Family-owned businesses share their secrets for success and sanity, 2008
July 1, 2008

Greg Sexton

Family-owned businesses share their secrets for success and sanity

All in the Family

Family-owned businesses share their secrets for success and sanity

Family-owned businesses share their secrets for success and sanity, 2008

By Greg and Cori Sexton

At 15, Buddy Stubbs had his first major ride: a 1954, KHK 900cc, two-wheel rocket he proudly roared around the streets of Decatur, Ill. By the early 1960s, Stubbs was on the racing circuit, eventually winning the Daytona 100 in 1963. Stubbs would seek further adventure over the next several decades doing motorcycle stunts in Hollywood.

Still, perhaps his biggest gamble was opening the first Harley-Davidson dealership in the Valley in 1966. Today, Stubbs owns and operates Buddy Stubbs Arizona Harley-Davidson with his two sons, Frank and Jack. For the Stubbs clan, working together with family has been a natural evolution over the years. And surprisingly, the Stubbs family, like

numerous other Arizona businesses run by family members, has found the experience extremely rewarding with little disharmony and one with great success.

So, what’s the key?

“We communicate with each other constantly, not only about business matters, but also personal matters,” Buddy says. “Occasionally business matters will create tension, but we are always able to make the best of any scenario. Family comes first and always will.”

Like many family businesses, the Stubbs’ have a definitive breakdown of responsibilities — which helps define the business while creating boundaries and clear areas of expertise. For Jack, the transition into family and business was natural.

“We grew up around motorcycles, spending a considerable amount of time at the dealership when we were young,” he recalls. “Since we developed the same passion for the business and industry as our father, it only seemed natural to get involved at an early age.”

And when you throw in the cool factor of working with motorcycles, it is a dream job waiting to happen.

“Who wouldn’t want to be involved with such a great brand and company as Harley-Davidson?” Frank asks. “I love working with motorcycles, people and family every day. It’s an exciting, fun and rewarding job. I couldn’t imagine doing anything else. As a child, my father always seemed to enjoy his job and expressed a passion for motorcycles. We were also taught success does not come for free or without hard work.”

A Green Thumb
Passion and hard work are certainly something Andre Lugo can relate to. Lugo owns and operates The Green Goddess, a nursery and outdoor accessories company that has been around since 1977.

Over the years, Andre has worked with his wife, Claudia, among other family members. Like others, Andre cites “trust and confidence” as key factors propelling the family-operated business.

“You know your backsides are covered,” he laughs.

Andre has also pioneered other successful businesses over the years in the Valley. Still, he notes the challenges and differences family members have had over the years have made every step of the way a learning and growing experience.

“It is a great joy to work with your family,” he says. “I wouldn’t have it any other way.”

A Family’s Best Friend
Ed Marshall started E.D. Marshall Jewelers in 1971, and has since built a solid reputation in the Valley’s highly competitive fine gem industry. Today, Marshall runs his business with his wife and brother. The best part of working with family, Marshall says, is the strong relationship he has with family members.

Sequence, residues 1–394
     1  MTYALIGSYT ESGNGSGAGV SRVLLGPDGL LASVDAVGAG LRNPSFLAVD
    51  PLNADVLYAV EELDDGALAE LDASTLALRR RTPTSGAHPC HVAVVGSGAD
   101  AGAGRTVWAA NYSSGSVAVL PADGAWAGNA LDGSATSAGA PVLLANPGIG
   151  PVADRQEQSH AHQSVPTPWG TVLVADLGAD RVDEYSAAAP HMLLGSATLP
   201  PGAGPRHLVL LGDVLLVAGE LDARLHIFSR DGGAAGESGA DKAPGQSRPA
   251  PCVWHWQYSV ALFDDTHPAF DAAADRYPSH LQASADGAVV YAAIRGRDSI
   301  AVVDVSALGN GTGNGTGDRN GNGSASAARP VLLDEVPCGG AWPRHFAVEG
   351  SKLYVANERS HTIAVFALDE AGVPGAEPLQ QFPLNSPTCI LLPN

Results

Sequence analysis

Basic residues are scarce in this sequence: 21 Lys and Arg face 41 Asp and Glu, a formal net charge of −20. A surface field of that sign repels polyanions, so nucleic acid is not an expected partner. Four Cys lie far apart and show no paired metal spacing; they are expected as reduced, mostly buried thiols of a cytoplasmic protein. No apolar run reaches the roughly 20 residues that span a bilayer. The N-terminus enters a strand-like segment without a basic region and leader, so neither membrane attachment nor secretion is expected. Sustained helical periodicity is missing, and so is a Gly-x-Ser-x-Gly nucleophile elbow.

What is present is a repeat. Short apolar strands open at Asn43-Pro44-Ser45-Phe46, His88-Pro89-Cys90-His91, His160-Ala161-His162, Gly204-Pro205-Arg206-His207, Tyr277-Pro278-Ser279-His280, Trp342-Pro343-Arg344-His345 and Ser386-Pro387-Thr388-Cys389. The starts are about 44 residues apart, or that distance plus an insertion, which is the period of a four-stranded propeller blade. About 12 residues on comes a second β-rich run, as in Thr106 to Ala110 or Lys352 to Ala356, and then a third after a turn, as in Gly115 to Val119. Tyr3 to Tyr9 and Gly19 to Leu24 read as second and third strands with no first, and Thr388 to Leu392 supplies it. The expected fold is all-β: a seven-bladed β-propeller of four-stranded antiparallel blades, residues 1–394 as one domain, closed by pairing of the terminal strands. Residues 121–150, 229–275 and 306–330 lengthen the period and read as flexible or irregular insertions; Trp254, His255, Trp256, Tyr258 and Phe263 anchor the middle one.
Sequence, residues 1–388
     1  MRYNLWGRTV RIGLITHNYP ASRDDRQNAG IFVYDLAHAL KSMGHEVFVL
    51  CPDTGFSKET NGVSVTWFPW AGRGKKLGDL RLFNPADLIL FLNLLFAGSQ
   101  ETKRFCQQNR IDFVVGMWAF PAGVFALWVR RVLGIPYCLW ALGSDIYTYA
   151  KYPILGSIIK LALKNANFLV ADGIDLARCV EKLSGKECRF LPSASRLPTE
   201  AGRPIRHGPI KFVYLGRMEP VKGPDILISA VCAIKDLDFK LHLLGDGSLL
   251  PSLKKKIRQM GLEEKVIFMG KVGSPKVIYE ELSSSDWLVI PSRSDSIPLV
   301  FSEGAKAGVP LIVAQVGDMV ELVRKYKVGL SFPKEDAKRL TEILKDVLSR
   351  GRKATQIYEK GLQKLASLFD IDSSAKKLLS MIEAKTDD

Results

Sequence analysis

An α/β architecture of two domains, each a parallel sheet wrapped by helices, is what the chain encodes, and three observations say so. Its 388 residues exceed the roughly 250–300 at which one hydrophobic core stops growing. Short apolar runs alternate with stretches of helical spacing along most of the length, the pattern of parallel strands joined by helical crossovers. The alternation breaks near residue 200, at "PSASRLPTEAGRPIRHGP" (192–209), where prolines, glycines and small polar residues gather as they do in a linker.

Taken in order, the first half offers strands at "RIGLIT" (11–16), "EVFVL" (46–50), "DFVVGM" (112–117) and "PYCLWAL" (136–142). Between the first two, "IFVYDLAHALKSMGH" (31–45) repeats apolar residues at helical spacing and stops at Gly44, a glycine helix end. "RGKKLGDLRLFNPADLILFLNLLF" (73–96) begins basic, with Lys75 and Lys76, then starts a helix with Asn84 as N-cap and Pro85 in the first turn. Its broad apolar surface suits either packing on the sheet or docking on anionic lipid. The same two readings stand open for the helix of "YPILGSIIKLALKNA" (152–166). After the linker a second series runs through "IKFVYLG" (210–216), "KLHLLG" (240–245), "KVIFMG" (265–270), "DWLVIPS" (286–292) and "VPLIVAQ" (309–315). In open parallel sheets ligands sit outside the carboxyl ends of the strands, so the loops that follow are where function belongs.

Marshall says besides working with family, another strategic move his business made was buying and renovating its own building, the Scottsdale Road and Shea Boulevard location he’s owned since 1995. Again, family played a major role in that decision and family continues to grow the business.

“We all get along well, we understand each other and know the needs of the company,” Marshall says. “Of course, trust is a big thing in any business and it’s good to know that your family won’t stab you in the back.”
Life is Like …

James B. Cerreta gets to work every day with his family at the Cerreta Candy Company in much the same way his father did decades ago, growing the business and passing it along to future generations of the clan.

“It’s like a family picnic at the park every day,” laughs Cerreta, who works with his father, James. J. Cerreta, his sister, Jennifer, and his three brothers, Joe, Jerry and Jonathan. “We enjoy each other and we have for all these years. Of course, there are little things that pop up, but because we love each other and the business, we make it work.”

Much like the Cerreta’s story, which began in Ohio in the 1930s with James’ grandfather, Ben Heggy, making chocolate, a family-owned business starts as a dream — an alluring entrepreneurial concept or idea percolating in some form or another. In Arizona, there are thousands of family-owned businesses toiling away each and every day — at the office and at the home and, sometimes, both.

Cover-July 2008

Ernesto Poza, professor of Global Family Enterprise at the Thunderbird School of Global Management, has worked with family-owned enterprises for more than 30 years. He says families often start businesses with the underlying idea of growing a successful company and passing it down from generation to generation. The first generation, the foundation, is usually easy.

“When the kids join is when it gets complicated,” notes Poza, adding that functions are often assigned (i.e., sales, marketing, business development) to certain sons and daughters tackling certain aspects of the company.

Difficulties often ensue during transition periods, when children might want to change the original focus of the co

mpany, or when a parent has to face the fact that perhaps the designated heir may not be up the challenge of running the family business.

AZ Business Magazine July 2008 |


Family-owned businesses share their secrets for success and sanity, 2008